Click on a vertex (circle, triangle, square) to play there. 
h: hint 
m: switch between dragging vertices and making moves 
n: new game


The Ehrenfeucht-Fraïssé Game is a game about first order logic and the inevitable end of all things. Players take turns matching up the vertices (shown as circles, etc.) of two graphs (networks):

  1. First, Player I (Spoiler) selects a vertex from either graph that has yet to be selected, and colors it a new color.
  2. Next, Player II (Duplicator) selects a vertex from the other graph that has yet to be selected, and colors it the same color, forming a match between the two vertices of that color.

The game ends if either:

  • Two vertices that are connected by an edge (line) in one graph are matched with vertices which are not connected in the other.
  • A vertex of one shape gets matched with a vertex of another shape.
  • Or, there are no more vertices left to pick.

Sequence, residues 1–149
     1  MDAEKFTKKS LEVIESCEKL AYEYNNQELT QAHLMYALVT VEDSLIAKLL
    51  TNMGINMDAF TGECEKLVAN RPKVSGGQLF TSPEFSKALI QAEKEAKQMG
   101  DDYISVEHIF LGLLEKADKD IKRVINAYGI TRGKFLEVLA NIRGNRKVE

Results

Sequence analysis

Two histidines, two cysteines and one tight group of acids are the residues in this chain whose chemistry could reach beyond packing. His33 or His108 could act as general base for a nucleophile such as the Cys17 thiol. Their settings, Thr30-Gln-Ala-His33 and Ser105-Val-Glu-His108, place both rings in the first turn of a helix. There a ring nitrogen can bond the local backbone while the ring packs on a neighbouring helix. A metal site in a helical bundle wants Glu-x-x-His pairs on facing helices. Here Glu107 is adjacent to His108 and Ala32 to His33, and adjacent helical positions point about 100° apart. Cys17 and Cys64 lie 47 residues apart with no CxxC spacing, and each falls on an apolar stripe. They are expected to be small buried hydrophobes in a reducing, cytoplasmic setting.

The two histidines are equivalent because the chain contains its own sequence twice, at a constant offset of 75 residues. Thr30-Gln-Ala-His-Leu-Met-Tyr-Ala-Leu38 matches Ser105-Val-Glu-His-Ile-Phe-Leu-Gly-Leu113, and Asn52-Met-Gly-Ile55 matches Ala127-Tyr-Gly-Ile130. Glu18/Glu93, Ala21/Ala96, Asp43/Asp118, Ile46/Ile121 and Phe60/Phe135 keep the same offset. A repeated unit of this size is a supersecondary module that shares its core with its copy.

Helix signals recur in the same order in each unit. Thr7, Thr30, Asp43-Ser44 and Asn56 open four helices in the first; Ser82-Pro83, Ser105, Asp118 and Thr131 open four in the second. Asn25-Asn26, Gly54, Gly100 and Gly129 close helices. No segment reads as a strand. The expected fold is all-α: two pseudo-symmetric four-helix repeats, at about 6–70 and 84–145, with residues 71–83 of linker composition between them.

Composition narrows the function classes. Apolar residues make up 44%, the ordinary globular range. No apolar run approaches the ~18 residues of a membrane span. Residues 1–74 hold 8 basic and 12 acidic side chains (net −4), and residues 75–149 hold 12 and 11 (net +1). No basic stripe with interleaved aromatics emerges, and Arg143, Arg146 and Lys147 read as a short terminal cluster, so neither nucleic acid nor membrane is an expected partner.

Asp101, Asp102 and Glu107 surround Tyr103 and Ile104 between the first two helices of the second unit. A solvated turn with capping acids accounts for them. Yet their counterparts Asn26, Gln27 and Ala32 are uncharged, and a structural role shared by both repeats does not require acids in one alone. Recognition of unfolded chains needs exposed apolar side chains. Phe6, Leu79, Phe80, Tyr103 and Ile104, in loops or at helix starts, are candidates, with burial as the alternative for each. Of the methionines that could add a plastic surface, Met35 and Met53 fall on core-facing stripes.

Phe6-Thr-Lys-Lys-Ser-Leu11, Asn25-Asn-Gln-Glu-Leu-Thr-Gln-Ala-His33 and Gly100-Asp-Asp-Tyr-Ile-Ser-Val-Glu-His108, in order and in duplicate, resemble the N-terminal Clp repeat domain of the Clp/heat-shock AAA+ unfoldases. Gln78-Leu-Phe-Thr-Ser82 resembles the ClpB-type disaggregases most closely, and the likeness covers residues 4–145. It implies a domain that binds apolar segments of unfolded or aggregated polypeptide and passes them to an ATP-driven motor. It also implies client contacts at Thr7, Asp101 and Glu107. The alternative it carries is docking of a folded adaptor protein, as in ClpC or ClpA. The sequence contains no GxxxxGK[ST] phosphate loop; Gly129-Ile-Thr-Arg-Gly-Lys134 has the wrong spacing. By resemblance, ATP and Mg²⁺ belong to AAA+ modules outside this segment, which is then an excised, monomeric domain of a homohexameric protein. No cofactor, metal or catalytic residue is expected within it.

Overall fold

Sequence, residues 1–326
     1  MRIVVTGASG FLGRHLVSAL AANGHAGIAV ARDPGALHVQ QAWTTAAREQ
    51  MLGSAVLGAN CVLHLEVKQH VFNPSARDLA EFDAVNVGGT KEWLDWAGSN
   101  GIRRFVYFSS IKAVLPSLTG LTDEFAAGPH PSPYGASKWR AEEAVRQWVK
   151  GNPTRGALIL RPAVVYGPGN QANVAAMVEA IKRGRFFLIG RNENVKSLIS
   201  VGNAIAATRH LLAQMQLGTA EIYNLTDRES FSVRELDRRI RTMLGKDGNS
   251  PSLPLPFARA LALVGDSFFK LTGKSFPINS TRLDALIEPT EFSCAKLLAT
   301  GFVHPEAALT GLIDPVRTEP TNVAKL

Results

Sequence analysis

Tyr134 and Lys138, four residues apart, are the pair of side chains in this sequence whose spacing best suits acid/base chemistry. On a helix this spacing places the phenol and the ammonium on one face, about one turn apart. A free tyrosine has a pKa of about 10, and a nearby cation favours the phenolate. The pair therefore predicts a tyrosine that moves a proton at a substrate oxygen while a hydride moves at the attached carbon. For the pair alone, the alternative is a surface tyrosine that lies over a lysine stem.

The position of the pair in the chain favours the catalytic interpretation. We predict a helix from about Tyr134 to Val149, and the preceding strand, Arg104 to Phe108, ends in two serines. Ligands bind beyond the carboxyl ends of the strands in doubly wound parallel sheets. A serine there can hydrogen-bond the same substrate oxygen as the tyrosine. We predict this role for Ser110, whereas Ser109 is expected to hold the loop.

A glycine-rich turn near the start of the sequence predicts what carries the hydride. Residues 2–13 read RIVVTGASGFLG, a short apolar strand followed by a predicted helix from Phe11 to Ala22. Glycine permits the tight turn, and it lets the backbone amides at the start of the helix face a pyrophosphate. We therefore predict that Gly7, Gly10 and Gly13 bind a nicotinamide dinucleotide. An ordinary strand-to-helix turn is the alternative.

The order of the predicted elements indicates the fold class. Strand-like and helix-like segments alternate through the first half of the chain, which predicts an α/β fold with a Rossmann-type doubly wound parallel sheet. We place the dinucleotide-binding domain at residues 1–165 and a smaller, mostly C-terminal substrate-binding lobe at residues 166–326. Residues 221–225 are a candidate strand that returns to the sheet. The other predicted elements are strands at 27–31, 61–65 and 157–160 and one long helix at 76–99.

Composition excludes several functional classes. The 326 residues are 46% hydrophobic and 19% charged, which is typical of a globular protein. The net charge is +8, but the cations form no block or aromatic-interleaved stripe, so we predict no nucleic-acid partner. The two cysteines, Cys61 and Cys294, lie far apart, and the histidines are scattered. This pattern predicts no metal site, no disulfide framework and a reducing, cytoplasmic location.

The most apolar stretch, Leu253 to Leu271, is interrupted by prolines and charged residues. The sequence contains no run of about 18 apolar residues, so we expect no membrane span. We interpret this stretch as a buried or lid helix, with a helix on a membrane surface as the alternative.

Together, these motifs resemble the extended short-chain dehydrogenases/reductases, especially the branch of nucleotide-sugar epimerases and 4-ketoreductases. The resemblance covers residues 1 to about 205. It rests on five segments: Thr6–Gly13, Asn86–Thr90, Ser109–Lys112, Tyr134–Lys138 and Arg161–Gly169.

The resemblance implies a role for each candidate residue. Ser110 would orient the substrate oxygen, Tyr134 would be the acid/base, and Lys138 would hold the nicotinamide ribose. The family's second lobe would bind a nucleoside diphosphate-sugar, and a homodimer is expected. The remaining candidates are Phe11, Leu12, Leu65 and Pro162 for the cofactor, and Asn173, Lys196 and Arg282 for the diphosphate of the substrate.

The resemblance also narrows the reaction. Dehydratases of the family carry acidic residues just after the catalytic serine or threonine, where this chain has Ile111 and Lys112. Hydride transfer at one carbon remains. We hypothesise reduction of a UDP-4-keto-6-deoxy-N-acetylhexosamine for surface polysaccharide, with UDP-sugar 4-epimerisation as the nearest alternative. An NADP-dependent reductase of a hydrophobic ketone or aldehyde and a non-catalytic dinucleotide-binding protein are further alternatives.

The game will inevitably end. Spoiler's (Player I's) goal is to end the game as quickly as possible. Duplicator's (Player II's) goal is to last as long as possible.

  • The Duplicator AI is currently a poor sport and will simply forfeit if it cannot find a suitable match.
  • Most versions of the game allow Spoiler to pick previously selected vertices, so long as they are matched with the vertex the original vertex was matched to. Since Spoiler, in seeking to end the game as quickly as possible, has no reason to do this, it is disallowed.

Read More

You can learn more about Ehrenfeucht–Fraïssé Games at:

You can also see my attempt to make a version of this for finite linear orderings in 100 hours at: Stay tuned for more weird math games!

TagsExperimental, Math

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